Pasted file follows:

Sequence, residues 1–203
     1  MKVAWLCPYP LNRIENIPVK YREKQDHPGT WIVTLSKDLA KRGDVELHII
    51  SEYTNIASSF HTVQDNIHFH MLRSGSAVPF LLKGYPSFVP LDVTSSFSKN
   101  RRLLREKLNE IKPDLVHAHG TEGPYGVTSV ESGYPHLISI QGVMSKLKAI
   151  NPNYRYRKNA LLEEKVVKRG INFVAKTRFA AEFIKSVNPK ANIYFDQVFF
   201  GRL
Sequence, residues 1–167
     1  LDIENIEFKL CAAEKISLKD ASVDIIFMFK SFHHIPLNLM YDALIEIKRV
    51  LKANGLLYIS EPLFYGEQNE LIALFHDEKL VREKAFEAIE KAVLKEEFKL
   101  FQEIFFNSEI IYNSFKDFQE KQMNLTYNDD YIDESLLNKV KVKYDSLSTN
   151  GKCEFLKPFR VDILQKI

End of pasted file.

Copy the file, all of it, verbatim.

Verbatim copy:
Sequence, residues 1–203
     1  MKVAWLCPYP LNRIENIPVK YREKQDHPGT WIVTLSKDLA KRGDVELHII
    51  SEYTNIASSF HTVQDNIHFH MLRSGSAVPF LLKGYPSFVP LDVTSSFSKN
   101  RRLLREKLNE IKPDLVHAHG TEGPYGVTSV ESGYPHLISI QGVMSKLKAI
   151  NPNYRYRKNA LLEEKVVKRG INFVAKTRFA AEFIKSVNPK ANIYFDQVFF
   201  GRL
Sequence, residues 1–167
     1  LDIENIEFKL CAAEKISLKD ASVDIIFMFK SFHHIPLNLM YDALIEIKRV
    51  LKANGLLYIS EPLFYGEQNE LIALFHDEKL VREKAFEAIE KAVLKEEFKL
   101  FQEIFFNSEI IYNSFKDFQE KQMNLTYNDD YIDESLLNKV KVKYDSLSTN
   151  GKCEFLKPFR VDILQKI